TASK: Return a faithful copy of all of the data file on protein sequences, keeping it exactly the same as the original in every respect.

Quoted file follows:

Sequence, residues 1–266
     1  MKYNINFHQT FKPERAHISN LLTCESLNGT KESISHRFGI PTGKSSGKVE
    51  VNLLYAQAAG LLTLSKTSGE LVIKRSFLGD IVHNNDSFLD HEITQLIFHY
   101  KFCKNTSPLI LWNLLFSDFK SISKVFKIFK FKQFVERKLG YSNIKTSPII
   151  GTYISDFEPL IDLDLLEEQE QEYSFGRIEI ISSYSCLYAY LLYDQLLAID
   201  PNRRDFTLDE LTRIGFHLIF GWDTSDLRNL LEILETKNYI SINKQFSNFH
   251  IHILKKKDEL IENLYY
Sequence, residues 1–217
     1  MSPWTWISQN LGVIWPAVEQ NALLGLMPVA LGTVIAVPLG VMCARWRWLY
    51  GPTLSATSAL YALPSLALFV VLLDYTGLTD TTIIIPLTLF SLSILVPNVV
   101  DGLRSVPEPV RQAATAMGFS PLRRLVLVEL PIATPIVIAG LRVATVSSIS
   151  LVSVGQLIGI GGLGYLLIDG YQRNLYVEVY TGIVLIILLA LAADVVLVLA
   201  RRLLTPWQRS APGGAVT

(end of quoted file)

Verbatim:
Sequence, residues 1–266
     1  MKYNINFHQT FKPERAHISN LLTCESLNGT KESISHRFGI PTGKSSGKVE
    51  VNLLYAQAAG LLTLSKTSGE LVIKRSFLGD IVHNNDSFLD HEITQLIFHY
   101  KFCKNTSPLI LWNLLFSDFK SISKVFKIFK FKQFVERKLG YSNIKTSPII
   151  GTYISDFEPL IDLDLLEEQE QEYSFGRIEI ISSYSCLYAY LLYDQLLAID
   201  PNRRDFTLDE LTRIGFHLIF GWDTSDLRNL LEILETKNYI SINKQFSNFH
   251  IHILKKKDEL IENLYY
Sequence, residues 1–217
     1  MSPWTWISQN LGVIWPAVEQ NALLGLMPVA LGTVIAVPLG VMCARWRWLY
    51  GPTLSATSAL YALPSLALFV VLLDYTGLTD TTIIIPLTLF SLSILVPNVV
   101  DGLRSVPEPV RQAATAMGFS PLRRLVLVEL PIATPIVIAG LRVATVSSIS
   151  LVSVGQLIGI GGLGYLLIDG YQRNLYVEVY TGIVLIILLA LAADVVLVLA
   201  RRLLTPWQRS APGGAVT